This “article” is legacy content from the early days of my career as a massage therapist. I was a Registered Massage Therapist with a busy practice in Vancouver, Canada, from 2000–2010, RIP. After that, science journalism and this website took over my career and they remain my sole focus today (see my bio). Rather than trying to revise this article and keep it updated and consistent with my fancy modern views — which have changed a lot! — I’m letting it stand as a nostalgic snapshot of my early enthusiasm for massage therapy. If you want to know what I think about massage therapy now, you can also read a very different article: Does Massage Therapy Work? A review of the science of massage therapy … such as it is. But this will be preserved here for the record.
People often want to know why I chose massage therapy as a profession. This is usually the first question a new client asks me.
There is something about massage therapy. It’s got a certain luxurious caché. It’s a popular profession, yet there aren’t many of us. When people find out what I do for a living, they raise their eyebrow, smile, maybe laugh and point hopefully at their shoulders. I get offered discounts on things, like I’m some kind of good cause. Dogs like me.
Looking at it one way, massage therapy is the most natural and obvious healing method in the world: the laying on of hands. At the same time, it seems foreign and exotic. We live in a touch-deprived culture, after all. Compared to a visit to your doctor, an appointment with your massage therapist is long and personal. What a strange line of work! People are curious.
So why do I do it?
The simple answer is, because I love it. And I love it because it works, because it moves me. When I get a good massage, I am a changed man. I get off the table and float on a cloud for days. It wakes me up at the same time that I sleep better. It’s like someone focused the world and made the colours brighter.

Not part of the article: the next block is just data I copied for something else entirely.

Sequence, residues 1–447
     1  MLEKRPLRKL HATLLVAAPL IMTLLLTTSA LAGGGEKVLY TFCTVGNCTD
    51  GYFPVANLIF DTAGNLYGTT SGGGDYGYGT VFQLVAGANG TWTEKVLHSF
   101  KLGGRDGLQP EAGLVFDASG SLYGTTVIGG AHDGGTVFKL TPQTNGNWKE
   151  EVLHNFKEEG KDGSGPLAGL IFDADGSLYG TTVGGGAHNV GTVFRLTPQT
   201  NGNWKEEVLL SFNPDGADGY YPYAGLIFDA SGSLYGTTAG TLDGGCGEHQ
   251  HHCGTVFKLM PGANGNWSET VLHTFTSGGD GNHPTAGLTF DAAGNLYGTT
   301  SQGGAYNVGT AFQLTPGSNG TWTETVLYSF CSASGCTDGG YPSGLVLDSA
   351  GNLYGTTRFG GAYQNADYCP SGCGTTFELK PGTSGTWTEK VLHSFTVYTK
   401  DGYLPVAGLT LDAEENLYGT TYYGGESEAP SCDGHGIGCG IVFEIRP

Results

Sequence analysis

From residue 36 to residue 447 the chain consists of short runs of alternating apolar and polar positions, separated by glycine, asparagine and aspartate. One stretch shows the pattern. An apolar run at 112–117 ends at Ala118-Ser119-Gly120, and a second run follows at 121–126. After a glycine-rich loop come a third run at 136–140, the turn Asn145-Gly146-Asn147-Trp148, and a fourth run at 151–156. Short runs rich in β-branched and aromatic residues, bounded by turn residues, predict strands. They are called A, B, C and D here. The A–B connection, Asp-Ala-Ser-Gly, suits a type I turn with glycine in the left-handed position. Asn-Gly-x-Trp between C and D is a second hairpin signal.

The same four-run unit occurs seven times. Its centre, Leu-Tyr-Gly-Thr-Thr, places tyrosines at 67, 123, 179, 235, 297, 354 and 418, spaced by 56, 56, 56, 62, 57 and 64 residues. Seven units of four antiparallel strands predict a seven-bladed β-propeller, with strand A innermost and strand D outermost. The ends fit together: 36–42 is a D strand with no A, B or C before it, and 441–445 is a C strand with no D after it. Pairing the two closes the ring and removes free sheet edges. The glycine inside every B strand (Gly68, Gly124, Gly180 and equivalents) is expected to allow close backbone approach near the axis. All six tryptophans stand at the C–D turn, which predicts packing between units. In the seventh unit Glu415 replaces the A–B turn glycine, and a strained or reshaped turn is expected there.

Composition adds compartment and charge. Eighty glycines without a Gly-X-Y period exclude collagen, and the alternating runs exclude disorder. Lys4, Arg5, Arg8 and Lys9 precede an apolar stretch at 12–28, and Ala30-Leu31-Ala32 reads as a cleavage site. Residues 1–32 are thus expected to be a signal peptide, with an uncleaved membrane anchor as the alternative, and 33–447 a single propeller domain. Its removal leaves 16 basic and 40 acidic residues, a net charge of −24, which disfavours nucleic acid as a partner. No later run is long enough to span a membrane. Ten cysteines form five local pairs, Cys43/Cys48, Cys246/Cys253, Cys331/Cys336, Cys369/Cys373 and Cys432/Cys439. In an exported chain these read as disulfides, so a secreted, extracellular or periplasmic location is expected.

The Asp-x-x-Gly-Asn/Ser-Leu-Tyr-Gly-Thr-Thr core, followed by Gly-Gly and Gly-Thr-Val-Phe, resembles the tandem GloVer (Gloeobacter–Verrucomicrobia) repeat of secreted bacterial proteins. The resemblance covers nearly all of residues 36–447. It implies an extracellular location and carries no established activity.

Really, I’m a massage therapist because I want to do that for other people. It’s my job to be the best hour in your day. But that’s just the tip of the iceberg. Massage therapy feels fabulous for a reason. It works. It is physiologically and psychologically potent. If you read only one thing on this website, read this. Let me share with you the depth of my enthusiasm for massage therapy …
Massage therapy is preventative health care
In pre-Communist China, wealthy families hired physicians to keep them in good health. The physician was paid a retainer as long as his clients were healthy. If they became sick, the payments stopped.
There’s nothing like that today, not in alternative medicine or mainstream. Everyone wants to get paid up front. Doctors have a bad rap for neglecting “prevention,” but the truth is that prevention is just hard. All decent doctors do indeed try to convince their patients to take up healthy habits and quit the dangerous ones, but mostly it’s up to us.
Massage therapy actually has some potential to prevent some serious pain problems, head them off at the past. The science of massage and analysis of the evidence for and against it is covered in another article. This article has a more relaxed, philosophical approach to the topic.
Another Day, Another Fracture
I know an old farmer, an eighty-something acquaintance from Ontario. He is one of those guys who just won’t quit: he’ll work until he’s dead, or work himself to death. He was fixing his roof a couple years back, and he fell a dozen feet and was immobilized by pain at the foot of his ladder. He refused help, however.
“I haven’t been to see a doctor in thirty years, and I’m not starting today!”
Fortunately, he couldn’t put up much of a fight, and his sons pretty much carried him into town, where his x-rays revealed something surprising. Not only had he fractured his spine, it was clear that he had done it six times before over the years. Without noticing. He had “worked through” every accident.
One of my own massage therapy clients was a professional snow boarder for several years: an intensely active and fearless man, paid good money to travel around the world leaping off cliffs for television cameras. In a decade, he broke nearly every bone in his body, many of them several times. Most people don’t absorb this much punishment in a lifetime, yet he is one of the healthiest people I know.
How does that work? How does a farmer fail to notice six spinal fractures? How does an athlete heal completely from injuries that would cripple most of us? What’s the difference between the people who bounce back from almost anything, and the rest of us?
Fit as a Caveman
Travel in time for a moment. Picture a prehistoric individual. Let’s call him Thag. Thag isn’t going to live long. Without antibiotics and surgery, something will take him out of the gene pool by the age of thirty. But Thag is tough. Very tough.
Thag gets about six hours of hard exercise per day, more or less. The rest of the time, he spends snacking on dozens of types of plants and hanging out with the tribe. There are no chemicals added to his food. He hardly ever inhales anything toxic, except for a bit of woodsmoke. And at the end of the day, he goes to sleep for at least eight to ten hours, because it’s usually dark for at least that long.